As Elon Musk's Tesla prepares for a surge in the number of vehicles it will have on the road around the world, the company is dramatically expanding its service network.
The goal: Be prepared to quickly help more Tesla owners as the company deals with the challenge of growing beyond being a niche automaker.
The worldwide expansion in service will include:
Historically, Tesla's service business has not received much attention from investors.
First, with about a quarter-million Tesla vehicles on the road worldwide, the service operation is dealing with a much smaller base than established automakers.
Second, the money Tesla generates from servicing vehicles is still relatively small. Last year, Tesla listed $467 million in revenue for services and other activity such as selling certified pre-owned models.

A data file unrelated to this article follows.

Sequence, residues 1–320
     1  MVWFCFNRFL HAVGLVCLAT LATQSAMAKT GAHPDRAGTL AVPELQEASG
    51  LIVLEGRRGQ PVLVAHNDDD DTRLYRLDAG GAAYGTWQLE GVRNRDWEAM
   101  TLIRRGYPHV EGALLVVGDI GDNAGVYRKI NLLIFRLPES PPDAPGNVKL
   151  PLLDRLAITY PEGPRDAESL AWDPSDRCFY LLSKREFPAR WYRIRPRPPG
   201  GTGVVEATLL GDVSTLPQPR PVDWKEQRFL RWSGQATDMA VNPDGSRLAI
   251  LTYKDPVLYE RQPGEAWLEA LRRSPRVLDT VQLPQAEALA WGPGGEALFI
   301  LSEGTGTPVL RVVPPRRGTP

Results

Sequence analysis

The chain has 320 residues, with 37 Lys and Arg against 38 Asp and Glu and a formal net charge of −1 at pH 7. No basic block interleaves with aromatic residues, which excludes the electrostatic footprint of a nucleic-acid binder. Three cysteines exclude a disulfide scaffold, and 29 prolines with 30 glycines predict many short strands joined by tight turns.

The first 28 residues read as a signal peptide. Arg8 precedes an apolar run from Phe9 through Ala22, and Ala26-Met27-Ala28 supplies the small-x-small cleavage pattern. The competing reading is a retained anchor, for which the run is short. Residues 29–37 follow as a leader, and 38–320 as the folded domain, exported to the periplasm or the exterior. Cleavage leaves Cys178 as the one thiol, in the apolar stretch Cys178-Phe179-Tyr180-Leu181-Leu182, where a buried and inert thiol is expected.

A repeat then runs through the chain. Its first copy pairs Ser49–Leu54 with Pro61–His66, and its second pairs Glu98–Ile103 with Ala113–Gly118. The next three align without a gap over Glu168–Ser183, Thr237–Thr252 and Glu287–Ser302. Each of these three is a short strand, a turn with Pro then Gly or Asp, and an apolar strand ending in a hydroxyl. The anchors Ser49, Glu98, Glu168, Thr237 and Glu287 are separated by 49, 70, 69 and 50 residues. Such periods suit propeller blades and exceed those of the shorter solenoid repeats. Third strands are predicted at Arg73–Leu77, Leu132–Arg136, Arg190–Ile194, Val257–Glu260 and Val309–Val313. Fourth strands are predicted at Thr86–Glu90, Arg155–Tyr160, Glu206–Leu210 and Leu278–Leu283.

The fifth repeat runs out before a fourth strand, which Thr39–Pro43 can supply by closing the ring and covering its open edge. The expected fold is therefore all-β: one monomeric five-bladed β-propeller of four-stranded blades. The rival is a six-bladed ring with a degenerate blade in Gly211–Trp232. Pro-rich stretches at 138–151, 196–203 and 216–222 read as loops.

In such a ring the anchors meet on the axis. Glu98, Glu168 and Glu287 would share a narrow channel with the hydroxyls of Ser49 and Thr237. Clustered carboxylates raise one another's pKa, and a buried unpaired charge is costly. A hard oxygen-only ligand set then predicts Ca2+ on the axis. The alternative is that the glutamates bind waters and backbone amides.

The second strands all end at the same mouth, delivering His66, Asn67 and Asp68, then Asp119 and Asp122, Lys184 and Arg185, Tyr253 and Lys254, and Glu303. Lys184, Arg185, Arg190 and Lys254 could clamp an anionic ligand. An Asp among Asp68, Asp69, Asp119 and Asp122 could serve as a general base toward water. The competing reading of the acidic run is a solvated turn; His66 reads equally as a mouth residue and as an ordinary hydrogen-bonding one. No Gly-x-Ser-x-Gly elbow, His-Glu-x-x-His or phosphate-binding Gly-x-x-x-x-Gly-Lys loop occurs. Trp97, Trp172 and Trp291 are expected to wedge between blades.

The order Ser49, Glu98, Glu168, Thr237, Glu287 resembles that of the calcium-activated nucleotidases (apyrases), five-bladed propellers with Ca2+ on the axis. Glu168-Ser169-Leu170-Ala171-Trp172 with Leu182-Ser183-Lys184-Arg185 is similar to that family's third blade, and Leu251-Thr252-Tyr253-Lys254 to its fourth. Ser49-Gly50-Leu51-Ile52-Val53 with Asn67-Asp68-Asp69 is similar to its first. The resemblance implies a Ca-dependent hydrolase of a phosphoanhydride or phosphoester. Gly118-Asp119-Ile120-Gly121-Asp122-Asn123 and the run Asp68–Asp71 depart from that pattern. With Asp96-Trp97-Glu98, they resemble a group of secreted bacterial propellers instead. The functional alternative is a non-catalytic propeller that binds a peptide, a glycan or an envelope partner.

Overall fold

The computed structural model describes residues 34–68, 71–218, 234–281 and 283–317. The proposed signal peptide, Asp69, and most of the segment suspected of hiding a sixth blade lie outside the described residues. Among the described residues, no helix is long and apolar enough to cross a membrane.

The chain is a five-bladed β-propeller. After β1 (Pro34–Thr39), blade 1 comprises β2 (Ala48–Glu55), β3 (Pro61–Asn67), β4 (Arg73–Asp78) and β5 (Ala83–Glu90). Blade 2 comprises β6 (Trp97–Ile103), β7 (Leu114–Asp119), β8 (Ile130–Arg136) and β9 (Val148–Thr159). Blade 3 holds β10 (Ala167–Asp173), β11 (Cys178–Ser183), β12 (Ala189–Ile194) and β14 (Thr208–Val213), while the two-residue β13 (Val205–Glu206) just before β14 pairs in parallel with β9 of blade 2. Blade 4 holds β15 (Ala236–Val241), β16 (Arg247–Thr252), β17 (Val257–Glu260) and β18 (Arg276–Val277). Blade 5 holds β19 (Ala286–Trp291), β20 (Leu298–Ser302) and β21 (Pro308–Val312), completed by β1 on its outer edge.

So why should investors care about Tesla's service expansion plan? Largely because it's key to how the automaker handles a dramatic increase in the number of vehicles on the road. The company's target of building a half-million vehicles in 2018 means the total number of Tesla models on the road worldwide could more than double in a short period of time.
If the automaker has a clean launch for the Model 3, the increased servicing efforts will support the growing base of Tesla owners but go largely unnoticed by investors.
However, if the Model 3 rollout includes glitches or problems with the new cars, Tesla's service operation will be tested. Its ability to repair cars quickly will help catch potential problems before they blow up into the kind of issues that hurt a brand's reputation.
Tesla said the new service centers and service vans will be based where the company expects to see the greatest density of Tesla owners. As part of picking those locations, Tesla said it has analyzed the addresses of Model 3 reservation holders to determine the most demand for service centers.
(Correction: This story was revised to say Tesla's expanded service will result in an additional 1,400 service workers.)